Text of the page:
Green roofs and bike racks plus shopping as Walmart comes to PoCo

New Walmart in Port Coquitlam opened today

Karo Stein

Karo Stein

It was a study in contrasts: while crowds of shoppers cruised the aisles with heavily-laden grocery carts on grand-opening day Friday, the roof of Port Coquitlam’s new Walmart Supercentre was quiet and serene.To the east the view of the coastal mountains was spectacular and the lush foliage on the banks of the Pitt River created a wall of green. But it was the 220,000 hand-planted sedums and succulents that were taking root on Walmart’s roof that drew one’s attention.The tiny, colourful, drought-tolerant plants that more-rightly belonged in rock crevices or an alpine meadow stretched out as far as the eye could see on 113,467 square feet of the roof’s 151,290 square-foot surface. Bigger than two NFL-sized football fields, the roof is one of the largest in the region, and the green-roof a first for the publicly-owned multinational corporation, yet few will get to see this garden of miniature plants.For one thing, you have to climb a 30-foot ladder to get there, and it’s not part of the amenities, such as groceries, dry goods, and a garden centre that are drawing shoppers from Pitt Meadows to Port Moody to 2150 Hawkins Street (off Lougheed Highway) to view the newest big-box discount store. (In fact, the green roof is not designed for public access.)The green roof is the first example of PoCo’s 2006 bylaw amendment that now requires all buildings over 5,000 square metres (53,821 square feet) to use green technology to reduce the heat island effect of large buildings, boost energy conservation and promote natural dispersion of storm water run-off.When it was introduced, many in the industry, including the Urban Development Institute, expressed concerns about a projected tripling of roofing costs, maintenance and liability. The UDI called for a voluntary approach, more flexibility and incentives and the city moved in some small ways to meeting those demands.It didn’t go as far as the City of Toronto, which offers financial assistance for green roof technology, it does allow variances for certain business cases (such as large, unheated industrial storage) and will consider other improvements instead if they get the same environmental outcomes or better. As for costs, the city maintains they should be no more than 10% higher than traditional roofs with the investment paying itself off in two years with reduced heating and cooling costs.The Walmart roof cost $1 million and includes a landscaped bioswale where water from the roof is channelled into a pipe, then drops 35 feet, before bouncing off a couple of boulders to disperse into an attractively-laid out rock and gravel bed below. There, it slowly percolates into the groundwater.Onni development manager Mike Mackay said the investment was significant but will be offset by reduced heating and cooling costs and the fast-tracking of the project, in which the city shortened the application process by one to two months, and shaved off some of the project’s capital carrying costs.”It is a significant cost to the project. That said, we did experience the benefit from a more efficient building and in the approval process.”Mackay also pointed to other design elements built into the project to reduce its impact on the environment, such as landscaped bioswales throughout the parking lot, as well as outdoor LED lighting.”It (the bioswales) will naturally filter the storm water and create less stress on the city’s storm sewer system,” Mackay said.With Walmart completed, Onni is awaiting the construction of Canadian Tire, the next anchor store for the Fremont Village Shopping Centre, slated for a build-out of 760,000 square feet over the next several years, including two 30-storey towers, and a pedestrian-oriented fashion retail centre to the south. To the west, plans are unfolding for banks and restaurants, with development permit approval expected soon for CIBC, the Royal Bank, Shoppers Drug Mart, A&W, and Burger King.Mackay said the the goal is to create pedestrian linkages between the stores and to encourage people to walk once they get to the mall because all of their shopping needs will be in one place.  Some may even consider moving to the area because of access to all the amenities and he predicted a reduction in automobile traffic and emissions will result.”We want to establish a viable commercial environment and really establish a community around that,” Mackay said, noting that PoCo is an ideal destination for an outdoor pedestrian-oriented shopping destination because people love to walk, as evidenced by the Len Traboulay-PoCo trail which is a short distance away.In fact, the city is just now putting the finishing touches to a $9.9 million project to increase diversity in the Pitt River with channels, ponds, marshlands, islands, roosting posts for birds and basking rocks for snakes paid for in part by developers for habitat compensation.However, cars were very much in evidenced on grand opening day as shoppers flocked to see the new Walmart. But two bikes locked on rack placed prominently next to the entrance could be a sign of things to come.dstrandberg@tricitynews.com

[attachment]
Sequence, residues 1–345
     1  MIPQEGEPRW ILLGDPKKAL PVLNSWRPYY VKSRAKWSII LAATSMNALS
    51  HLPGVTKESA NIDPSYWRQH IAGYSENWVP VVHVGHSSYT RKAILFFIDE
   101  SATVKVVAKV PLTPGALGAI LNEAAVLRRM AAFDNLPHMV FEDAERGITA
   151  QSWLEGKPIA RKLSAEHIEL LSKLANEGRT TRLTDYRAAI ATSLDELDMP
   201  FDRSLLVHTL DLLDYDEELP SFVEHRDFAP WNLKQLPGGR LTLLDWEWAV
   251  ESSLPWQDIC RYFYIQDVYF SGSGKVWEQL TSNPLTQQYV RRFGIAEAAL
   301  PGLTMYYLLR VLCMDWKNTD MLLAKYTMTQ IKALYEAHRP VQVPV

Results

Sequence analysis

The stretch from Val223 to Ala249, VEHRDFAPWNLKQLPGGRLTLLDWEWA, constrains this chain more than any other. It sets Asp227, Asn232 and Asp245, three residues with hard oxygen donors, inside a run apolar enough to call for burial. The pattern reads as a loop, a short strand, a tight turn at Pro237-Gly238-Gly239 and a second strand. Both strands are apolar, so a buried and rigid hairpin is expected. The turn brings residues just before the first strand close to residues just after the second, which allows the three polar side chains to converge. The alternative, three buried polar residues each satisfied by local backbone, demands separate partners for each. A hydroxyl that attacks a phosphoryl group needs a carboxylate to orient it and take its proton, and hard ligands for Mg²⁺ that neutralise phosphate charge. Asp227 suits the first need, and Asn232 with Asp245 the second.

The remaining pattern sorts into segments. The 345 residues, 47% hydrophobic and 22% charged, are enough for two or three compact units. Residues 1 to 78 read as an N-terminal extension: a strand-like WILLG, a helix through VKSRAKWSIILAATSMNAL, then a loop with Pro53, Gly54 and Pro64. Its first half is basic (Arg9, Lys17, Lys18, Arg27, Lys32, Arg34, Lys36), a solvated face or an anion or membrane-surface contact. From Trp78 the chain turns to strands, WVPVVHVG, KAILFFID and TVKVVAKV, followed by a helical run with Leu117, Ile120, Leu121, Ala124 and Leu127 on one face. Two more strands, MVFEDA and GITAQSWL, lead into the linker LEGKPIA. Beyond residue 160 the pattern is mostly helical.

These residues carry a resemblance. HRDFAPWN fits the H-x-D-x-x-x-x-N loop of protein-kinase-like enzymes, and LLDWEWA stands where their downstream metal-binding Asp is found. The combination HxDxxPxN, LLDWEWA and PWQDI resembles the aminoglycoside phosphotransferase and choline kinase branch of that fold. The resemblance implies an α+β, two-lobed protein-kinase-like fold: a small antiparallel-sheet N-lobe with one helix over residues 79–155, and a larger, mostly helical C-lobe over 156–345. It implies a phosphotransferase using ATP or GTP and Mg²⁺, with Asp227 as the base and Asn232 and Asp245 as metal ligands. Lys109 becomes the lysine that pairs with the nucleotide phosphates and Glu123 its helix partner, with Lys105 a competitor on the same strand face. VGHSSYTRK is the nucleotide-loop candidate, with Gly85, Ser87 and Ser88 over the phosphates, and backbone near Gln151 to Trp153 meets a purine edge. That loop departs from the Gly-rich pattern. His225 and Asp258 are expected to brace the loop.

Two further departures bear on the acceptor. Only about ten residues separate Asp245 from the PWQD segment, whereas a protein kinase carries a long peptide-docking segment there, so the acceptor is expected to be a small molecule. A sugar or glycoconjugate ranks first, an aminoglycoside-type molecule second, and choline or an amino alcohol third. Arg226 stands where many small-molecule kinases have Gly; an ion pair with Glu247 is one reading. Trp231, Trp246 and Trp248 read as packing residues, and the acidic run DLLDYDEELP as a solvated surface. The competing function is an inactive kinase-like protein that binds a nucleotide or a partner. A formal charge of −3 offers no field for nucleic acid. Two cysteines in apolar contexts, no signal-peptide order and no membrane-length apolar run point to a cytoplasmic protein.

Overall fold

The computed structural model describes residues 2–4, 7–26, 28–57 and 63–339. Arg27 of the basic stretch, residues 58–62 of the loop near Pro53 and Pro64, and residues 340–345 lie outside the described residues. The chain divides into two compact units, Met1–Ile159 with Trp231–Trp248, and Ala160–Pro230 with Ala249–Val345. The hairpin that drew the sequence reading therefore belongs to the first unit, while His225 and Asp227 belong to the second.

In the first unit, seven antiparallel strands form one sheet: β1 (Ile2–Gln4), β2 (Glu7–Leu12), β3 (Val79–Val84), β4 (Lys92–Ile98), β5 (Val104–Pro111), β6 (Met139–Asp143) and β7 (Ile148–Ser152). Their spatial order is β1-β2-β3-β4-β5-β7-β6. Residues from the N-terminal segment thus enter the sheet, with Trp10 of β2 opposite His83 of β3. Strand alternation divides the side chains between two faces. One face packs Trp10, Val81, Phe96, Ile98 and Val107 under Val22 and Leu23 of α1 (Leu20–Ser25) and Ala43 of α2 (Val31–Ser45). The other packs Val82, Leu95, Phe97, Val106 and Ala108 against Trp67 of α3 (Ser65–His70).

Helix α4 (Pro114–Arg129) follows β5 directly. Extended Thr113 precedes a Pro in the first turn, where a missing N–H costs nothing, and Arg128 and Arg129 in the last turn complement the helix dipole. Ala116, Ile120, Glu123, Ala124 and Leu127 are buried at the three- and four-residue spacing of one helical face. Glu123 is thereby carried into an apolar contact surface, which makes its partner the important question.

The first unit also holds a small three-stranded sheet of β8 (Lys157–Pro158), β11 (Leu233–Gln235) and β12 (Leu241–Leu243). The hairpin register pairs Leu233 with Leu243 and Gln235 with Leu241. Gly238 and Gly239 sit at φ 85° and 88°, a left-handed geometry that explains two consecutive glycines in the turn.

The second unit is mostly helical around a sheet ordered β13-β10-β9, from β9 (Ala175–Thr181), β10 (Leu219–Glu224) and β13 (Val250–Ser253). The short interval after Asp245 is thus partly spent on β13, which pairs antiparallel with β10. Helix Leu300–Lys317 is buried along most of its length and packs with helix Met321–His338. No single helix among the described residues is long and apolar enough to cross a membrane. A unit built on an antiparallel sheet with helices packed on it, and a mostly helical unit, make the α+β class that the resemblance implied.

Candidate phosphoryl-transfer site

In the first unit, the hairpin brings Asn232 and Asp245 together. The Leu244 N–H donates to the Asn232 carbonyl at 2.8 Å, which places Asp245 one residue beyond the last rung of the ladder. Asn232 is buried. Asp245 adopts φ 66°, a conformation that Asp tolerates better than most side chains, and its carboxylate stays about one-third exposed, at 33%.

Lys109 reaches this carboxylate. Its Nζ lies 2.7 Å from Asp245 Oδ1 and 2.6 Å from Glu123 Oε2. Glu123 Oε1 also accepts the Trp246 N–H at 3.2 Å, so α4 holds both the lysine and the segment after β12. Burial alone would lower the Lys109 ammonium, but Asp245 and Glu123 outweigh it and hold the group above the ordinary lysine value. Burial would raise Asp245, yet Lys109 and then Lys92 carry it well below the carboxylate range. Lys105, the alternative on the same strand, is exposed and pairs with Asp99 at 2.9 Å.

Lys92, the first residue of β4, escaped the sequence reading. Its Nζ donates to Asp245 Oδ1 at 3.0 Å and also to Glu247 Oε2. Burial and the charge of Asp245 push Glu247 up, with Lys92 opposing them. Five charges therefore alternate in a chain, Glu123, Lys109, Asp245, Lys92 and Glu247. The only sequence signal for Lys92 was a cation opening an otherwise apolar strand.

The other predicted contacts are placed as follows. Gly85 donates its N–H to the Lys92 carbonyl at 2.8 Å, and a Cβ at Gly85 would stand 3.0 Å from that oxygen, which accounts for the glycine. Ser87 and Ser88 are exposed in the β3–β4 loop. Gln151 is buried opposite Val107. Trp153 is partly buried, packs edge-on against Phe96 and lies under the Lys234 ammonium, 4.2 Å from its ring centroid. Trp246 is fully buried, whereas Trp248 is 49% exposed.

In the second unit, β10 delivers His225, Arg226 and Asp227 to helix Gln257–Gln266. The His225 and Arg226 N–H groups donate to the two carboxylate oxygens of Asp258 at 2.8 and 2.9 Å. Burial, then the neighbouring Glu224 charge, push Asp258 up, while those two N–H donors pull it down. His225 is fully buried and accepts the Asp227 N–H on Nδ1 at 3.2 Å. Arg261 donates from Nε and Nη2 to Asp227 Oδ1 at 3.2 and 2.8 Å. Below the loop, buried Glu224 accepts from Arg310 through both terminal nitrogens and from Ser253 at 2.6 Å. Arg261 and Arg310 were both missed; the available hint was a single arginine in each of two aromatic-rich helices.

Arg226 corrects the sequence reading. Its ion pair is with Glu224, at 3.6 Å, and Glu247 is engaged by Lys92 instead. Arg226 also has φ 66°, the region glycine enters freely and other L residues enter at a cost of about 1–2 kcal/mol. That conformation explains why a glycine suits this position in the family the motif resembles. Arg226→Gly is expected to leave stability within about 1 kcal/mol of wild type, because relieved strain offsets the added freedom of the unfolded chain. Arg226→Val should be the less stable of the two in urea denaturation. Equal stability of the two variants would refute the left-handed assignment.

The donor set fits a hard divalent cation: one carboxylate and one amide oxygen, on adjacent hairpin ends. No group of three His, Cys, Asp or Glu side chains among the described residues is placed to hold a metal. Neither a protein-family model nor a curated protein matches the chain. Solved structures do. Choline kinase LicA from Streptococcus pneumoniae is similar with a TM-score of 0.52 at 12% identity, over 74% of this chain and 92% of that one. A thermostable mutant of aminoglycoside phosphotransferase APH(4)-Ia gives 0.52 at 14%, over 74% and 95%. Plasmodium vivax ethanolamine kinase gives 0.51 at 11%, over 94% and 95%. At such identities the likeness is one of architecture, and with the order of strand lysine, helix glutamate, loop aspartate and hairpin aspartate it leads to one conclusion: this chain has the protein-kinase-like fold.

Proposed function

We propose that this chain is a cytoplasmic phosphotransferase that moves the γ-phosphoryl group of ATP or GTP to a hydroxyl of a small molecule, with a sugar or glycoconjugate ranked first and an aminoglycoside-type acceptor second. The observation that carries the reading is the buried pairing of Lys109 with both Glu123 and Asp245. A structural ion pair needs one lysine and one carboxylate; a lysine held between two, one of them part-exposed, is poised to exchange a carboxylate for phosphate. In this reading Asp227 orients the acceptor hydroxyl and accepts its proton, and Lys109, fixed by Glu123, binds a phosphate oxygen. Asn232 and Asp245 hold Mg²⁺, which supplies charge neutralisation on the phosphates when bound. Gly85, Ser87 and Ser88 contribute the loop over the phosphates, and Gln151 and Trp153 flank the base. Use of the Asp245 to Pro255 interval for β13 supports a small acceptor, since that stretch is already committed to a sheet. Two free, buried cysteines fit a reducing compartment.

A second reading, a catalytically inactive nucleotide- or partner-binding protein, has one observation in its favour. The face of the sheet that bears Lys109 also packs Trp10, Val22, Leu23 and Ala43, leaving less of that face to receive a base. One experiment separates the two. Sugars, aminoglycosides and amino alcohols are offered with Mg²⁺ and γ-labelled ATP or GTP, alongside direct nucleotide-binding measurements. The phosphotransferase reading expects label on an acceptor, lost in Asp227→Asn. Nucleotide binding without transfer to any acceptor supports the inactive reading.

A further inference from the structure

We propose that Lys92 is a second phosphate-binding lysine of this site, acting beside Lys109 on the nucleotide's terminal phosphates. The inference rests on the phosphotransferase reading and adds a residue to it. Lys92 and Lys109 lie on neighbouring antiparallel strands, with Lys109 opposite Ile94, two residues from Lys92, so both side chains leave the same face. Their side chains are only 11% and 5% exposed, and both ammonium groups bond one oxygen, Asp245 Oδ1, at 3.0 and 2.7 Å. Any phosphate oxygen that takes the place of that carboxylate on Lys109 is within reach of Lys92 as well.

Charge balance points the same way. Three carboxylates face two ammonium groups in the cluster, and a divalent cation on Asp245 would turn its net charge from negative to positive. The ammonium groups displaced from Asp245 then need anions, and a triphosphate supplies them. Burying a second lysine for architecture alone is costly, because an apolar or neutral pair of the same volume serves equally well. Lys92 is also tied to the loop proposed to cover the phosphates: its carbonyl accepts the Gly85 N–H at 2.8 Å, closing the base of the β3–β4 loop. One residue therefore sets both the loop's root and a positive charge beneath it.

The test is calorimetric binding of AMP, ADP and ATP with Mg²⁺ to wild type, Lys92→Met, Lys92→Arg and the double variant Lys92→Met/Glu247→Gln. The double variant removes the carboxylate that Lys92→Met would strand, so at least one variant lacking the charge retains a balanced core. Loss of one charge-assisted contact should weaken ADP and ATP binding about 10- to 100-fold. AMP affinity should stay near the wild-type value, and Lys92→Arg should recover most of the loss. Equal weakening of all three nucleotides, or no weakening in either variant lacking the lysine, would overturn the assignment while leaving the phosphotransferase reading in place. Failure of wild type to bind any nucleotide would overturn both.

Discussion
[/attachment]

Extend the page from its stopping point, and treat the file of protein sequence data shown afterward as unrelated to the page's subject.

BY THE NUMBERSPort Coquitlam big box storesCostco 135,000 square feetHome Depot 102,000 square feetWalmart 151,290 feetWalmart green roof 113,467 square feet